ELECTRICITY prices in Cyprus rose 21 per cent between the second half of 2011 and the second half of 2012, the highest jump within the EU 27, Eurostat figures revealed yesterday.
In the EU27, household electricity prices rose on average by 6.6 per cent, and in some member states such as Sweden, they dropped as much as 5.0 per cent.
And, although the increase in Cyprus for the period in question could be put down to the July 2011 naval base blast, which destroyed the island’s main power station, and saw the imposition of a special levy of 5.75 per cent, the Eurostat figures also show that the basic cost per 100 kWh in Cyprus has actually risen over 60 per cent since 2008.
Average household electricity prices in the second half of 2012 were lowest in Bulgaria (9.6 euro per 100 kWh), Romania (10.8) and Estonia (11.2), and highest in Denmark (29.7), Cyprus (29.1), Germany (26.8) and Italy (23). The average electricity price in the EU27 was 19.7 euro per 100 kWh. In 2008, the price in Cyprus per 100 kWh was 17.8 euro, according to the figures, which means that between then and the second half of 2011, prices had already risen some 40 per cent.
After the 21 per cent hike in Cyprus between the second half of 2011 and the second half of 2012, Greece came in next with a 15 per cent rise, Italy 11 per cent, Ireland and Portugal both 10 per cent, and Bulgaria, Spain and Poland all 9.0 per cent up. Decreases were observed in Sweden -5 per cent), Hungary -2 per cent) and Finland -1 per cent), while prices remained stable in Denmark and Malta.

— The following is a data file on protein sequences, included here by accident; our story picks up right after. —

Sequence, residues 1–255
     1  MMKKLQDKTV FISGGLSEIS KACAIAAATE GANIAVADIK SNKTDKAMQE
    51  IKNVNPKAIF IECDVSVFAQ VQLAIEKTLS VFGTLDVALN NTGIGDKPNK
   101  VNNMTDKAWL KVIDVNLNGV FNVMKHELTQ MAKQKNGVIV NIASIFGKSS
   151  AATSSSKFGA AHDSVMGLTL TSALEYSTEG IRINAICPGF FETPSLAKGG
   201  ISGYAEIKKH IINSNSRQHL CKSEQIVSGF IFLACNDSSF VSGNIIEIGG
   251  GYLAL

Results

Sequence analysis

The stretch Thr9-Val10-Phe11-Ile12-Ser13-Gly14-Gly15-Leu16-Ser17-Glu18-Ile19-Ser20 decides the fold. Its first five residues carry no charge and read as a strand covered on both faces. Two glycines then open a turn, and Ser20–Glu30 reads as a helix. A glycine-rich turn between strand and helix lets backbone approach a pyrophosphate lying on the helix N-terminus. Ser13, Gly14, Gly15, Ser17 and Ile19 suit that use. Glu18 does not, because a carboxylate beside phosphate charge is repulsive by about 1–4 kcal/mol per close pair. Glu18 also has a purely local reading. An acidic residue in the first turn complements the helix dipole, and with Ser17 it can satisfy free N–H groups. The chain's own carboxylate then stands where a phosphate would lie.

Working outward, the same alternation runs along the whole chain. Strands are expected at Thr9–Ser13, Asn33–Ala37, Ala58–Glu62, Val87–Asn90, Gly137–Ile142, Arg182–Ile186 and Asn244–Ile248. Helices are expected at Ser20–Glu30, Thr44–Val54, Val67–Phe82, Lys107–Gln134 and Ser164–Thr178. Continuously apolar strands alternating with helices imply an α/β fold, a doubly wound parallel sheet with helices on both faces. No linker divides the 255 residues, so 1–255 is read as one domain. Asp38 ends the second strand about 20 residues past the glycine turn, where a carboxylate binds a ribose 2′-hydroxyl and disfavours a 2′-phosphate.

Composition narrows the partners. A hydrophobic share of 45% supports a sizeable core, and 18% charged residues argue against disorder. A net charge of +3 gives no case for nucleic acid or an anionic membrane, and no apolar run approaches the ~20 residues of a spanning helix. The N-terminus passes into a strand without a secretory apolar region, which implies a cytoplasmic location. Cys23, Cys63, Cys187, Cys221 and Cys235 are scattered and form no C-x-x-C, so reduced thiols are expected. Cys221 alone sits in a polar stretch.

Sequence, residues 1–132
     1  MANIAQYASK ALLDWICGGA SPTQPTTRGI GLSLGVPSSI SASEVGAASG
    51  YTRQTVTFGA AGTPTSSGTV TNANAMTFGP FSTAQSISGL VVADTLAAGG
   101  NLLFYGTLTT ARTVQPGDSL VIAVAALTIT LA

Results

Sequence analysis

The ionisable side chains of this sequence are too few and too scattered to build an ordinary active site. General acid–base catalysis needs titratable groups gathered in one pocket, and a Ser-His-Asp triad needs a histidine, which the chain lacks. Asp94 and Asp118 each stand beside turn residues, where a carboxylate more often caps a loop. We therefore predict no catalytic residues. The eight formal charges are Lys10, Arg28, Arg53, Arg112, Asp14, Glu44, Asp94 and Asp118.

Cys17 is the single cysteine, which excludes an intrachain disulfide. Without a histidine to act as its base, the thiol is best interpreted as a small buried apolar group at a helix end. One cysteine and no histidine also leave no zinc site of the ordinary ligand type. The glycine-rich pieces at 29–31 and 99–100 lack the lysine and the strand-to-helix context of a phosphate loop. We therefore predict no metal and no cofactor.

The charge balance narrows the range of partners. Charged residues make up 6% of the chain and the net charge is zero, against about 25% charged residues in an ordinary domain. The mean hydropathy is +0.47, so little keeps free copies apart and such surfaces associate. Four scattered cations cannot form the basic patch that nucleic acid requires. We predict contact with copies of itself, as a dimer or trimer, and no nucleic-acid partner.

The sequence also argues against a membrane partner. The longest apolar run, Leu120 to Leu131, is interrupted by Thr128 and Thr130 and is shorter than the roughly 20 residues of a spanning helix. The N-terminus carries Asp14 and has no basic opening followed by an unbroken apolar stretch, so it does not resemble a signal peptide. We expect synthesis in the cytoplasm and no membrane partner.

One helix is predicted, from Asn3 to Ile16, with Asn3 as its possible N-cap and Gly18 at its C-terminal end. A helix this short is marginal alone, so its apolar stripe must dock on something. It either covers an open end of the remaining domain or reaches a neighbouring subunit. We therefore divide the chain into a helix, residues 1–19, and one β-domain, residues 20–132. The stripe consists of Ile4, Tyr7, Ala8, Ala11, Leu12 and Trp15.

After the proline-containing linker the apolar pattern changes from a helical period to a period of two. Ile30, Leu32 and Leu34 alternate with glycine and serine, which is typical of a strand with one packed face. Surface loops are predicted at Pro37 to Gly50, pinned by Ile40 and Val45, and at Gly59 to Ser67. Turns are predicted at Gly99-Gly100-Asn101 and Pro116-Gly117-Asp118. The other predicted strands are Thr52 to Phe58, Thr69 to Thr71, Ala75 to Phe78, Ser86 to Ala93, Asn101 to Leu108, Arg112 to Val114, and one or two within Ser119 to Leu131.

Average household electricity prices in the second half of 2012 were lowest in Bulgaria at 9.6 euro per 100 kWh, Romania 10.8 euro and Estonia 11.2 euro, and highest in Denmark 29.7 euro, Cyprus 29.1 euro, Germany 26.8 euro and Italy 23 euro. The average electricity price in the EU27 was 19.7 euro per 100 kWh.
When expressed in purchasing power standards (PPS) the lowest household electricity prices were found in Finland (12.7 PPS per 100 kWh), France (13.0), Luxembourg (14.0) and Sweden (15.5), and the highest in Cyprus (32.9), Germany and Poland (both 25.9), Portugal (25.7) and Hungary (25.5).
For household consumers, the relative amount of tax contribution was lowest in the United Kingdom (4.7 per cent) where a low VAT rate is applied to the basic price and no other taxes are charged to household consumers.
The highest taxes are charged in Denmark where more than half of the final price (56 per cent) is made up of taxes and levies.
Electricity prices for households increased in 2008, remained stable or even decreased in 2009, but went up again in 2010, 2011 and in 2012.
For industrial consumers, electricity prices during the second half of 2012 were the highest in Cyprus at 22.60 euro per 100 Kwh, which is almost double that of every other EU 27 member.
“The price and reliability of energy supplies, electricity in particular, are key elements in a country’s energy supply strategy,” said Eurostat.
It said electricity prices were of particular importance for international competitiveness, as electricity usually represents a significant proportion of total energy costs for industrial and service-providing businesses.
Since the second half of 2012, the Cyprus energy regulator has scrapped a 5.75 per cent surcharge on electricity bills imposed after the Mari blast. It also reviewed in February a formula for calculating fuel costs to the EAC which has seen a 4.0 per cent bill reduction.